Back in the hands of the Brits, Joey is about to be shot because he’s too damaged to save when Albert, himself now fighting and subsequently wounded in the war, recognises his beloved Joey. Quickly the armistice is declared, yet Albert and Joey, suddenly in perfect health again, are set to be parted once more because all the horses are to be auctioned off.
Grand père turns up out of the blue and outbids everyone for the horse, wanting Joey in memory of his granddaughter who has since died. Blimey, ten minutes ago she looked as strong as, well, a horse. Still, it’s a relief of sorts because my partner suspected that she'd resurface later as romantic interest for our Albie. Phew.
I don’t feel guilty spoiling the plot and saying that it all turns out ok in the end because you’d know that from the off. It’s all so inevitable. The more interesting back story was whether Albert's father’s Boer war pennant, which accompanied Joey the whole time, would make it home safely. Thankfully it did.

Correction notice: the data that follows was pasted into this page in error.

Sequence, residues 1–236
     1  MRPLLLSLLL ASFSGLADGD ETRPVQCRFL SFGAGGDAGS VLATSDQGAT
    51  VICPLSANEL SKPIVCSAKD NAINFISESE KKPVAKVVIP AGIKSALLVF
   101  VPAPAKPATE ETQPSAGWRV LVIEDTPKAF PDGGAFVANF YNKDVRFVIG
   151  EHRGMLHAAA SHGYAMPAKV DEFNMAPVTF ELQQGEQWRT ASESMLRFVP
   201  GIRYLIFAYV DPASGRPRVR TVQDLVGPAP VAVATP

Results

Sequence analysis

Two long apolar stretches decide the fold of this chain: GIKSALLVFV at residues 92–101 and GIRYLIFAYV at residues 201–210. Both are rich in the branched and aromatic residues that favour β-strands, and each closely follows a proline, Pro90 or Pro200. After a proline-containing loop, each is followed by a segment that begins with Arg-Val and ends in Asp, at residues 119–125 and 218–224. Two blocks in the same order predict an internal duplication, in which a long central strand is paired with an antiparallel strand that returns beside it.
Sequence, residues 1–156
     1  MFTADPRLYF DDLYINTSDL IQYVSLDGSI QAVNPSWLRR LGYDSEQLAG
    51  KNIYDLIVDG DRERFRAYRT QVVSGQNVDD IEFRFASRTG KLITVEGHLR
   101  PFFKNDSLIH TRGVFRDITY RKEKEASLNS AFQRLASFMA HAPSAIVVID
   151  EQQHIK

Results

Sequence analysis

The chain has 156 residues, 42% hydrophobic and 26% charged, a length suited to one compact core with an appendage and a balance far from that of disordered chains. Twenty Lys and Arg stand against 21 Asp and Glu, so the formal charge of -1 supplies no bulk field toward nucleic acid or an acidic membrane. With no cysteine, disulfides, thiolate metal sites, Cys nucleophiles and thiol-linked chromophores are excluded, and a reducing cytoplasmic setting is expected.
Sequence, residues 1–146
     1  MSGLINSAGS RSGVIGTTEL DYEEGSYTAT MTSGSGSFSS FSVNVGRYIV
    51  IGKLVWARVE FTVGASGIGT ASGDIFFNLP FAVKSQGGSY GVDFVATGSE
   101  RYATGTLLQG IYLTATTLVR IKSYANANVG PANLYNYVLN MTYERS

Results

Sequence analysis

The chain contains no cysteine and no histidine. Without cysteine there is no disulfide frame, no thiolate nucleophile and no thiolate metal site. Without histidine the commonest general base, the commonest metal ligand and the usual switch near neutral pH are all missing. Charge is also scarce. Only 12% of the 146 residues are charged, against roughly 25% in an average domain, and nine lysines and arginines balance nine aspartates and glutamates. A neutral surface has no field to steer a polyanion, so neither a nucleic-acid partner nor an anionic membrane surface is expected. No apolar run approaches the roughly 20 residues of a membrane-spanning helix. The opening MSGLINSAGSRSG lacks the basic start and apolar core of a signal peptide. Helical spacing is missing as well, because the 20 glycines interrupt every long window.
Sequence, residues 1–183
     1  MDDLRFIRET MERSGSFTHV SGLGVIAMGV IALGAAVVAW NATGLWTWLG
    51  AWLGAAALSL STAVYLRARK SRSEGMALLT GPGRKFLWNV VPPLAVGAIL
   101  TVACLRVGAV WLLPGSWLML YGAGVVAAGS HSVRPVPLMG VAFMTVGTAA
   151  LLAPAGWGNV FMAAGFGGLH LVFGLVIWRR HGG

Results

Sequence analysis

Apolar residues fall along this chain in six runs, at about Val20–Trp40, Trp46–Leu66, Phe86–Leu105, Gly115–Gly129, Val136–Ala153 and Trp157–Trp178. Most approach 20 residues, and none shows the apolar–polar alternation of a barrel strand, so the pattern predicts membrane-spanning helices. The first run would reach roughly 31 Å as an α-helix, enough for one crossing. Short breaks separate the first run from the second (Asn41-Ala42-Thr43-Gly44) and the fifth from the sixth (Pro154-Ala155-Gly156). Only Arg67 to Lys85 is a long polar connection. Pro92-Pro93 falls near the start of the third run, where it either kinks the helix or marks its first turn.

In the book Joey actually narrates the story (it probably worked better that way around) and it would have been nice for the horse to have said something like ‘That’s All Folks’ at the end to complete the charade but sadly it didn't.
It is, I think, supposed to be a tear jerker and my partner may have shed a few at some point but then she cries in most things and it’s hard not to cry for the horse for putting up with the corny script. Surprisingly the usually able Richard Curtis worked on it. He does reuse what he can from ‘Black Adder Goes Forth’ but even that doesn’t save the film.
I was originally going to say it’s an ok but not great film but the more I think about it, the more terrible it seems. Frankly it was awful, apart from the horse that is, who to be fair, was great, nay, terrific and acts everyone else off the screen. Give that stallion an Oscar and send the rest of them back to the trenches.
(Saturday 21st January)
A year of lock-down beers